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they will clean it up good.but you better have a fence that they cant get out of.an a guard amimale with them.
If I remember correctly you said you had control of the whole island. Don't worry about any fencing. They will not get their feet wet. Should be some extra profit.
Exactly right. Goats hate water.

If we could only construct a moat, we would never worry about having to contain them again... :nod:
I assume your running cattle also. If you do run cross fenceing and rotate the cattle and goats. Works real well for a worming program. Plus the goats will eat more of the weeds and brushing leaving more grass for the cattle. Goats and cattle work very well together. Goats do well with alot of rubbish and little grass, and cattle does well with grass and some rubbish. I think its a win win.
Thanks All. I'm gonna have several questions in the future so please be patient. Picking up the goats Friday and a 79' John Deere 1030 Saturday.Will be ready for cattle this spring. Have burned about a third of the Island and will begin burning again with a south wind. Had some rain and the burnt area already has about two inches of new growth. Have common pasture plus bermuda,cordgrass and salt grass.
had some cabrito that was purty dang good and had some that tasted like a billy smells.
one problem you may have is worms and i hear kiko's are better for wetter climates, that about all i know.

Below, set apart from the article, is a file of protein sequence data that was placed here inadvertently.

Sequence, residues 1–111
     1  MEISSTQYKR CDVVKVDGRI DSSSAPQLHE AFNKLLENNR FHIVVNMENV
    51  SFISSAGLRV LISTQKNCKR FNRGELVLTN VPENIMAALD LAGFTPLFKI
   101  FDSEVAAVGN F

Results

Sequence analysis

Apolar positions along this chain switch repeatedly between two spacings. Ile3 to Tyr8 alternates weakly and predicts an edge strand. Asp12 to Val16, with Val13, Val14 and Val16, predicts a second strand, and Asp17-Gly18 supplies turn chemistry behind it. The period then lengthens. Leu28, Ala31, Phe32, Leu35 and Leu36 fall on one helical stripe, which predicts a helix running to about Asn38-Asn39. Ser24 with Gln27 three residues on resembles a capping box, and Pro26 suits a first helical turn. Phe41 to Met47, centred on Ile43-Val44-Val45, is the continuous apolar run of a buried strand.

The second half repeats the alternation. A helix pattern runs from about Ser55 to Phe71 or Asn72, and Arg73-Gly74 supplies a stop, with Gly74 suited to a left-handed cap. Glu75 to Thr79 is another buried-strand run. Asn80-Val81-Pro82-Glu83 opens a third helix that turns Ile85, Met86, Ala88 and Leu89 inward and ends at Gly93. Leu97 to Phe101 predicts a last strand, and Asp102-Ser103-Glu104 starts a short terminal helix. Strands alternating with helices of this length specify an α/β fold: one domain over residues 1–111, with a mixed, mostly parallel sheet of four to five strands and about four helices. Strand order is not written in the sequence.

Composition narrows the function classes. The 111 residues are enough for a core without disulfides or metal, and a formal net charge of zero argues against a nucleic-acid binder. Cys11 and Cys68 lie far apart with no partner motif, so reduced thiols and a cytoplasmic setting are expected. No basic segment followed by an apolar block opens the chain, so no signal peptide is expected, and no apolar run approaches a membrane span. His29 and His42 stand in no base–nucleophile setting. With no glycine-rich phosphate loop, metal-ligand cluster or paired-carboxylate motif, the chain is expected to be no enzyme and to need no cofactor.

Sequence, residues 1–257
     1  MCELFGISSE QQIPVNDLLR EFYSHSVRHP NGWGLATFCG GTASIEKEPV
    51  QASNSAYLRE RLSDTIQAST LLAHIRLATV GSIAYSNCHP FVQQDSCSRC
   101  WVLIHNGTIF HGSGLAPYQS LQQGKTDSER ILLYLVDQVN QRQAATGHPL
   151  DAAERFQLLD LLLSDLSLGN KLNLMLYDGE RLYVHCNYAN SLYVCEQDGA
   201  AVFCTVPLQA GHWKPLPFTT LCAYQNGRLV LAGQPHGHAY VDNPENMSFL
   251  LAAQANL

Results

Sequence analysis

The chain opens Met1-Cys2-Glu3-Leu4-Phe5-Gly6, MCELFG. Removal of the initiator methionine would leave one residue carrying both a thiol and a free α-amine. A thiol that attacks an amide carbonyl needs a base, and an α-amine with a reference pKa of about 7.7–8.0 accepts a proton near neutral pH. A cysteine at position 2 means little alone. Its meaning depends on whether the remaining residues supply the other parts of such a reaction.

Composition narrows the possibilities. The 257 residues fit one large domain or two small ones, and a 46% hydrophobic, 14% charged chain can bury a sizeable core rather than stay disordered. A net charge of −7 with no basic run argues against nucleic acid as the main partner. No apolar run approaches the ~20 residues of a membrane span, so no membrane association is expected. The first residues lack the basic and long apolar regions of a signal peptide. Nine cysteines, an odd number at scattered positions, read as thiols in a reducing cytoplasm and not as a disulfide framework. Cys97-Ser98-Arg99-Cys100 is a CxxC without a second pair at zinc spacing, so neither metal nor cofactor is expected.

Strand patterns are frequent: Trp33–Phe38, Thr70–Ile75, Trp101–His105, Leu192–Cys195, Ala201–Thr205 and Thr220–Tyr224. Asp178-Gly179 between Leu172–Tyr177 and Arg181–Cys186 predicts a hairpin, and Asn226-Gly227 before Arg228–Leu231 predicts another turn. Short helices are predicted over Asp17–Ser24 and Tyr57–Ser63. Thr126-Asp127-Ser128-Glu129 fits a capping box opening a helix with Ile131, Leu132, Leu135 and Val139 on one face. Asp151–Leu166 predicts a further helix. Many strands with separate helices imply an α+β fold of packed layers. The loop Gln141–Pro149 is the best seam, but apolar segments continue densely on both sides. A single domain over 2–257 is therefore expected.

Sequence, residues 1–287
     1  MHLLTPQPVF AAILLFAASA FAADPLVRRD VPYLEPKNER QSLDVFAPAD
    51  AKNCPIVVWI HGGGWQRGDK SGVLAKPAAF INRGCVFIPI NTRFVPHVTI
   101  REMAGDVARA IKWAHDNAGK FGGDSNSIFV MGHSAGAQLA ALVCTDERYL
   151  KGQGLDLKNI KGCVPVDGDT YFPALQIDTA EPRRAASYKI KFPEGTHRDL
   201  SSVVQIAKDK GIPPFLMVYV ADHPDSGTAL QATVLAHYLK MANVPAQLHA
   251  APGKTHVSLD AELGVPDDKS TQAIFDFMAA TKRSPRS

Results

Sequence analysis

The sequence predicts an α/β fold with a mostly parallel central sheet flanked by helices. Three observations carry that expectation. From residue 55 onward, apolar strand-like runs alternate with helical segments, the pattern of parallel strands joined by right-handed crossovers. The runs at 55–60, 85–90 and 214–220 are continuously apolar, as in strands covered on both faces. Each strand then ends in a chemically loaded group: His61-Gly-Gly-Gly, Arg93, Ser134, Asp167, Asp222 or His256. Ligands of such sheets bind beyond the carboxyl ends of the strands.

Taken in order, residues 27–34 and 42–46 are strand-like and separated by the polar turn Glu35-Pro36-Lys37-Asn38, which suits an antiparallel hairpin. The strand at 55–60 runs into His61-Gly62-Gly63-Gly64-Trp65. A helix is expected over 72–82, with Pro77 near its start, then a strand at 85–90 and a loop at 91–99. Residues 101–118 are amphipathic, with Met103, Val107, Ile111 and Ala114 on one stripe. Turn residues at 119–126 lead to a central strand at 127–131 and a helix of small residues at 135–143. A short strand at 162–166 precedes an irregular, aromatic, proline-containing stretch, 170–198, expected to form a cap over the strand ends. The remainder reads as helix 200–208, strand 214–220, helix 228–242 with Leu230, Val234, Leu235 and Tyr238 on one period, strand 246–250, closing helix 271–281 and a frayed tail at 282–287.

duck77619":epw72dmx said:
Goats for brush control on a SE Texas marsh island. Good or Bad?

Marsh island suggests that the conditions are wet/muddy. If that is correct, goats are not the answer because they hate mud. If my assumption is not correct, they will do the job for you. Put a guard dog(maybe 2 depending on the number of goats) with them for protection, figure out some kind of portable shelter, and you're in business!
I had an island that I put goats on- it worked great till the mexicans spotted them. They would shoot them then wade across the river(shallow in the summer) to get them. The guard dog would follow the rest away from the shot. Which I was glad or they would have probably shot him too.They wiped me out.
It was perfect it even had an overpass across it so they had a dry spot to get in. Goats Hate being wet and it hurts them to be cold and wet(very little fat). Kids born in cold wet conditions will die without help. After 48 hrs they will survive.
With the ground being wet be prepared to trim feet
And the famancha methods is the best worm control if you can't rotate-- check their eyelids every month(closer on kids)worm the anemic ones- cull the ones you have to worm the most. If you can make them clean up behind the cattle- the cattle will eat most of the worms and leave a cleaner pasture for the goats. Goats pick up less worms if they are browsing instead of grazing- so don't be in a hurry to burn- wait and see what they can do with it. Don't forget about flukes.
Stay away from Dairy breeds
Brush goats are wild and jump like deer
Full Boers are calmer rarely jump but not near as hardy
My favorite is a half Boer-

They have triplets alot-- unless you are feeding them ALOT it will draw all three and the Mom down- cull one
Never had any luck grafting goats
Catching them is easy- build a sheltered pen and wait till its raining and just close the gate :)
Goats are definately good brush eaters but they do need shelter as they are weenies when it comes to any kind of weather. They really don't like getting their feet wet but food is generally more important to them! I agree that a Boer cross is good because they are tougher and have more capacity to eat more. Leave the horns on them and they will have good protection from predators.

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